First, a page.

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The Tablet Conundrum – Part 7

 

This time on the Geek Guru Blog we’ll be looking at battery life and features available to help you extend it if necessary.

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It’s annoying when your gadgets run out of juice just as you need them most. Luckily, technologies are evolving not only to allow your device to store more power, but to save power when required.

If you have a high-end tablet, the chances are that it’ll come with a powerful main processor and graphics processor, as well as other advanced features. Of course, more powerful tech requires more power, so usually the battery life of a high-end tablet running at full capacity will be much less than that of a budget model.

Most tablets on the market now, in any price range, come with power saving modes. They limit the speed of the processor(s) to make it consume less power, reduce power sent to speakers, reduce the brightness of the screen, and reduce power consumed by communications technologies such as WiFi or Bluetooth by turning them off when not in use. If you’re running a tablet in power saving mode, however, you’ll likely lose some performance as a result – the battery saving options allow you to trade off raw power for extended battery life.

The type of tablet and the job it’s doing is also a big factor in battery life. If you have a tablet connected 24/7 to Bluetooth peripherals, you’ll find that its battery life is less because of this, although a new iteration of the Bluetooth technology known as BLE (Bluetooth Low Energy) or Bluetooth Smart is becoming more popular with manufacturers now as it allows the device to communicate with some peripherals without using as much power. Up and coming ‘Smart’ Watches use the technology, allowing increased battery life for both the peripheral and the host device. Always-on WiFi can also drain quite a bit of power, particularly if there is a lot of interference nearby or if the WiFi signal is weak. It’s best to turn both of these functions off if they’re not necessary – all tablets, smartphones and phablets allow you to do this manually within their settings.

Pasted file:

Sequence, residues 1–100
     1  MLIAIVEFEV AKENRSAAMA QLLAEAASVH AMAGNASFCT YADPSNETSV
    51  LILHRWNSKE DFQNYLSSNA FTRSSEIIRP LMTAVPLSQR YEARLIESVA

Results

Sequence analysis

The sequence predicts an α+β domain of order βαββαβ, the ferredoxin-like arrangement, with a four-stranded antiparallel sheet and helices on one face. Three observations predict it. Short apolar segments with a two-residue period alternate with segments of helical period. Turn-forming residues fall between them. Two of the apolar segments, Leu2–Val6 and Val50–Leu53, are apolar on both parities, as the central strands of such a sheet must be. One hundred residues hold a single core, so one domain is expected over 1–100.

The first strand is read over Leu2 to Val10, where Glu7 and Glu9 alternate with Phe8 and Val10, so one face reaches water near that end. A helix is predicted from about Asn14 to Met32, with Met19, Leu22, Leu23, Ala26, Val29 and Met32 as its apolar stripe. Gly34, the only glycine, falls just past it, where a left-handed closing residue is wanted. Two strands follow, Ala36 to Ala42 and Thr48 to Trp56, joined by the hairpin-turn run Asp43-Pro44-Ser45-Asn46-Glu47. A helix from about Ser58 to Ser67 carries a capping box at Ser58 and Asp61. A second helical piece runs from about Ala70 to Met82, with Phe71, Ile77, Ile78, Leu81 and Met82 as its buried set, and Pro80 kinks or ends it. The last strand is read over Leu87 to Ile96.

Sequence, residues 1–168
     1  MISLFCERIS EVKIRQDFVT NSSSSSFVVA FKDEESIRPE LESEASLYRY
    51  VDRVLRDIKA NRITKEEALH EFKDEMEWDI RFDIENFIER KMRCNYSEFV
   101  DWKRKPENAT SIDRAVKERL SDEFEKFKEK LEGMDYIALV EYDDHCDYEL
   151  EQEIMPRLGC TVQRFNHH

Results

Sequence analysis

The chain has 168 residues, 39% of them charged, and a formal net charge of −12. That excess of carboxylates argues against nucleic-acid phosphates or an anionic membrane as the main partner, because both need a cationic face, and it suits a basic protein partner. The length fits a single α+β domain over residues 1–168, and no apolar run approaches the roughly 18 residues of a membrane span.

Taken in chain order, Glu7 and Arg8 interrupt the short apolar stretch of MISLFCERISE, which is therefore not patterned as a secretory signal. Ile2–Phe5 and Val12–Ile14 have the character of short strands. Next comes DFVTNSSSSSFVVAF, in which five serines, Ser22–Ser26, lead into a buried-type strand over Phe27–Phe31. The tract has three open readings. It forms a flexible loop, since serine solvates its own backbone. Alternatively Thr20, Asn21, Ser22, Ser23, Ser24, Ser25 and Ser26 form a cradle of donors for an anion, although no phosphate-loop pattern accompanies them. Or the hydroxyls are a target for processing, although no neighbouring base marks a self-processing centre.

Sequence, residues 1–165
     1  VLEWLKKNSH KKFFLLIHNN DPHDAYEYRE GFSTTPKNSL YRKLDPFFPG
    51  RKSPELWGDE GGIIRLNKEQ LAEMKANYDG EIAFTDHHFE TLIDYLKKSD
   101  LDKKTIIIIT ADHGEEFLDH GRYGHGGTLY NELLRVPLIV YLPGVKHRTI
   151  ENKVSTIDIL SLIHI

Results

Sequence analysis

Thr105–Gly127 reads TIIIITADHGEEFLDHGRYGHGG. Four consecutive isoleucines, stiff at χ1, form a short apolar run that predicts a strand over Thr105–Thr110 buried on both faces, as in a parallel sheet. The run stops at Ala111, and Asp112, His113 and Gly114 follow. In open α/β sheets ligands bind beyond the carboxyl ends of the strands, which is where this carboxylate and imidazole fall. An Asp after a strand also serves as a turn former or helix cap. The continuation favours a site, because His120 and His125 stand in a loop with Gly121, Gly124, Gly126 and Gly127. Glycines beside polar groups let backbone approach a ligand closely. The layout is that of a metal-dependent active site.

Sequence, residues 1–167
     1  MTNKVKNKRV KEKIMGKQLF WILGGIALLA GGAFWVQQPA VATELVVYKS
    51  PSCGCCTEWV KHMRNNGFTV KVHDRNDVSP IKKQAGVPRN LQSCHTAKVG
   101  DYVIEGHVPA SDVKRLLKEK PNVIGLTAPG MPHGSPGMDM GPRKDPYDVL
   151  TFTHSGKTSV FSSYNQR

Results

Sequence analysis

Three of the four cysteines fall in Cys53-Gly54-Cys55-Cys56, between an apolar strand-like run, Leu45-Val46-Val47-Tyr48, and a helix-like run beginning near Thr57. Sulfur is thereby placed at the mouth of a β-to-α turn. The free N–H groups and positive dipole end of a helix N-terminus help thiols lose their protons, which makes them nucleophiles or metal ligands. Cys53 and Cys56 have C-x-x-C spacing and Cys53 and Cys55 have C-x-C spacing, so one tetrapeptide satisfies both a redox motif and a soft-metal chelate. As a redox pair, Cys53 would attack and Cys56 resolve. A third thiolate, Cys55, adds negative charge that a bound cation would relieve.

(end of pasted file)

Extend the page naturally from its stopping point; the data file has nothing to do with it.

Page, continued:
Larger screen models are also more power hungry, as the screen is often the one part of the device that drains the most battery. Again, advances in screen technologies and automatic power saving adjustments mean that now you can still achieve great battery life even on the largest screen models.

Most power saving features on tablets are configurable. If you want your power saving feature to leave processing speed at max while activating all the other power-saving features, this is often possible from within the settings of the power saving feature itself. This means if you really need a feature to remain on to be able to work properly, you can have it, while saving power in all other areas.

External batteries, power ‘sticks’ and even solar panels are also available for many devices now – they act as an additional battery or charger if you need them. If your device is critical to your work, we’d definitely recommend getting one or more of these and keeping them charged as a standby option. At the Geek Guru offices we’ve tested a few and find them to be invaluable, particularly as they usually come with multiple connectors for all of the different gadgets we have!

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Next time on the Geek Guru blog we’ll be looking at the varying power of tablet processors, different types, and what they’re capable of.

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If you’d like more help, advice or information on choosing a tablet, if you’d like to discuss joining one of our support packages, or if you’d like to talk about anything else IT-related with us, give us a call or drop us an email!

Call us on 0845 234 0580 or email us at info@geek-guru.co.uk

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Posted on by Emily
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